Zircon is a widespread mineral and an important gemstone of many colors.
This mineral is ubiquitous in the Earth’s crust and is among the oldest known minerals.
It is sometimes looked upon as a cheap diamond simulant, but in actuality it can be a valuable gem.
Zircon occurs in an array of colors. Its varied palette of yellow, green, red, reddish brown, and blue hues makes it a favorite among collectors as well as informed consumers.
Colorless zircon is known for its brilliance and flashes of multicolored light, called fire. These zircon properties are close enough to the properties of diamond to account for centuries of confusion between the two gems.
The color of zircons can sometimes be changed by heat treatment. Common brown zircons can be transformed into colorless and blue zircons by heating to 800 to 1000 °C.
A zircon has a hardness of 6 to 7.5 on the Mohs scale of mineral hardness.
The name “zircon” derives from the Persian zargun, meaning “gold-hued”. This word is corrupted into “jargoon”, a term applied to light-colored zircons. The English word “zircon” is derived from Zirkon, which is the German adaptation of this word. Yellow, orange and red zircon is also known as “hyacinth”, from the flower hyacinthus, whose name is of Ancient Greek origin.
According to some Jewish legends, an angel called Zircon would have guided Adam and Eve to the Eden garden.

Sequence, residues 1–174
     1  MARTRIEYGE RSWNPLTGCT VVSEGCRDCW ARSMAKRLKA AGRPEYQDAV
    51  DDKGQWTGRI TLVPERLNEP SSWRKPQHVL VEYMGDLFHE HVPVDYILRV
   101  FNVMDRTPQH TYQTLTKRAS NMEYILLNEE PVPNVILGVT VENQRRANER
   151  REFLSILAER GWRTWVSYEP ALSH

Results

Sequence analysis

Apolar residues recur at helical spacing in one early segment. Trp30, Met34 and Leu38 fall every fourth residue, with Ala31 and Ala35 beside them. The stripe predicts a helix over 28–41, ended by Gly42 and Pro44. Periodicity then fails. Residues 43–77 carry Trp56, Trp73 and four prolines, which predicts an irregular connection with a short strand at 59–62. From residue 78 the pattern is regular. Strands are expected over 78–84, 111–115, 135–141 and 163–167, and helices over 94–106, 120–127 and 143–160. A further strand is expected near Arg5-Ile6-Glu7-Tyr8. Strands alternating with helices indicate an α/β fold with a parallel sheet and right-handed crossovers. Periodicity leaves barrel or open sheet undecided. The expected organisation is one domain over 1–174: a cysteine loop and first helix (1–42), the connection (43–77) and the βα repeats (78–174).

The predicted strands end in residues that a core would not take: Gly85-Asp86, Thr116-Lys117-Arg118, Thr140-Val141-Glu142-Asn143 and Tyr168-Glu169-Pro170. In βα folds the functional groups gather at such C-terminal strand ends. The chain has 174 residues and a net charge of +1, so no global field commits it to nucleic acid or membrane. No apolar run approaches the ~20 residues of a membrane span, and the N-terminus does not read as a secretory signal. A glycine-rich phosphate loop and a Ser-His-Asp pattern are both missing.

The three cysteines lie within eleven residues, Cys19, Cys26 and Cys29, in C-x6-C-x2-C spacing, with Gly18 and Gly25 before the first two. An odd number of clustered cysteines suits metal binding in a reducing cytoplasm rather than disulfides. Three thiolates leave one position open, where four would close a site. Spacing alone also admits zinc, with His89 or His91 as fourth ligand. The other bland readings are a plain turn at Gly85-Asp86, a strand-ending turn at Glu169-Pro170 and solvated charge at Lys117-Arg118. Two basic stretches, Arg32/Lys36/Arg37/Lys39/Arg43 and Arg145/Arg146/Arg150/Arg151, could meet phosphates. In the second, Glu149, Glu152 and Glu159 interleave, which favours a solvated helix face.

Zircon is one of the twelve gemstones set in the foundations of the city walls of Jerusalem and associated with the Apostle Simon.
It is mentioned in the Bible (under the ancient name, jacinth) as being one of the stones of fire that were given to Moses and then set in the breastplate of Aaron.
In the Middle Ages, this gem was thought to induce sound sleep, drive away evil spirits, and promote riches, honor, and wisdom.
Blue zircon was a particular favorite in Victorian times, when fine gems were often featured in English estate jewelry dating from the 1880s.
The zircon crystals from Australia’s Jack Hills are believed to be the oldest thing ever discovered on Earth. Researchers have dated the crystals to about 4.375 billion years ago, just 165 million years after the Earth formed. The zircons provide insight into what the early conditions on Earth were like.
Gemologist George Kunz — Tiffany’s famed gem buyer, was a notable zircon advocate. He once proposed the name “starlite” to promote the gem’s fiery nature. The name never caught on.
Zircon is the birthstone associated with the month of December.